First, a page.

Trust me on this, I used to be a scientist. I spent years studying Australia’s Great Barrier Reef. What is happening this year is shocking. Based on what we witnessed in Jamaica in the 1980’s, it’s going to have lasting effects.
THE “GREAT BERRY REEF” IS ROTTING
Years ago I gave a slide show to a group of second graders in Los Angeles where I showed my favorite photos from my years of studying marine biology on Australia’s Great Barrier Reef. A week later the teacher sent me the drawings the kids did after my talk. One little girl very earnestly thanked me for telling them about “The Great Berry Reef.”
Now the northern third of the Great Berry Reef, where I spent a year living on Lizard Island, is just plain rotting to death. There’s no better way to express it. Look at the photos in this Guardian article focusing on the work of some of my old friends.
The next time you run into a climate denier, ask them to account for this. It’s been fun laughing at their stupidity until now, but this changes things. At least for me it does. It’s very bad.
AS WENT JAMAICA, SO WILL PROBABLY GO AUSTRALIA
What was well documented for the demise of coral reefs in Jamaica is probably relevant to what is now happening to the Great Barrier Reef.
I spent the summer of 1980 at Discovery Bay Marine Lab on the north shore of Jamaica. In August the island was devastated by Hurricane Allen, the largest hurricane of the century up until then. Along with my life long close friends, marine biologists Jeremy Jackson, Nancy Knowlton, and Mark Patterson, we hid out in the Blue Mountains and listened to trees crash down all night as Hurricane Allen passed over our heads. At sunrise we looked down and in the distance saw 25 foot waves crashing on the reef — a bit of a contrast to normal conditions as none of us could remember anything bigger than about waist high waves hitting the reef.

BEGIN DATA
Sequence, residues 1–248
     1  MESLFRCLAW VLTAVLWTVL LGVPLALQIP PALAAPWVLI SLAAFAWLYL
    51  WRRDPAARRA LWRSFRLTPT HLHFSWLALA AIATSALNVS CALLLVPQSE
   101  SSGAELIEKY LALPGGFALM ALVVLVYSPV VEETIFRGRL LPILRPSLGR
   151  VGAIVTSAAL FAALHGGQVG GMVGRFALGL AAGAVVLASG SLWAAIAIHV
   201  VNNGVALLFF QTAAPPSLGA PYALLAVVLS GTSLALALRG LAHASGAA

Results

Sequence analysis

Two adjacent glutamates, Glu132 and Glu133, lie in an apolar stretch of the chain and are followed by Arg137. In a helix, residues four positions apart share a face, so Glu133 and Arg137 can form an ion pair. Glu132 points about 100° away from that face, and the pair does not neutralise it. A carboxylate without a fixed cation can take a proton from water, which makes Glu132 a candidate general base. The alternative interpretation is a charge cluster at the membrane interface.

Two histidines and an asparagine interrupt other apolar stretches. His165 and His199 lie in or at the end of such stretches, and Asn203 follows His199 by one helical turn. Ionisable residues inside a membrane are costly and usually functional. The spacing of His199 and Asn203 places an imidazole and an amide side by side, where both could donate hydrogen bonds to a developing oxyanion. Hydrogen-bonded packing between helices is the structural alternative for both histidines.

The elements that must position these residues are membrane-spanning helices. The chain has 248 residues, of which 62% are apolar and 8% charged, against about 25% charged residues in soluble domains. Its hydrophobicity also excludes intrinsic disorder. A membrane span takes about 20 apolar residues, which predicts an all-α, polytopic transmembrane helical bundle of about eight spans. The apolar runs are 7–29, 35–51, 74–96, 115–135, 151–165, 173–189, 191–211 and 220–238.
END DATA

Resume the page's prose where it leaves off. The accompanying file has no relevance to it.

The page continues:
The next day we went diving and saw complete devastation. In a single day all the beautiful coral formations that had gone by such nicknames as “The Haystacks” and “The Emerald City” had vanished. Left behind, down to about 50 foot depth, was little more than scoured bottom — no corals, almost no fish.
The reefs became overgrown by algae. I returned 12 years later with my graduate students when I was a professor at University of New Hampshire. The place was still an unsightly mess as very little coral had returned and everything was overgrown by seaweed. To this day, 36 years later, it still bares no resemblance of the underwater splendor that it used to be. Coral reefs take a long time to recover.
AT LEAST SOME OF THIS PARTICULAR FUTURE CAN BE PREDICTED
In 2007, as I was shooting my mockumentary, “Sizzle: A Global Warming Comedy,” science fiction author Michael Crichton told me, “No one can predict the future.” He had become a huge climate skeptic and this was one of his favorite things to say. And it’s true. But …
We can now predict some very bad things for the northern third of the Great Barrier Reef. It’s going to look bad for a long time to come. The Guardian article, like everything else I’ve been reading, is horrifying. I remember the reefs around Lizard Island so vividly. Today’s photos, from that same area, bare no resemblance to anything I ever saw. They really are kind of beyond the imagination.
Take it from me, it’s really, really bad.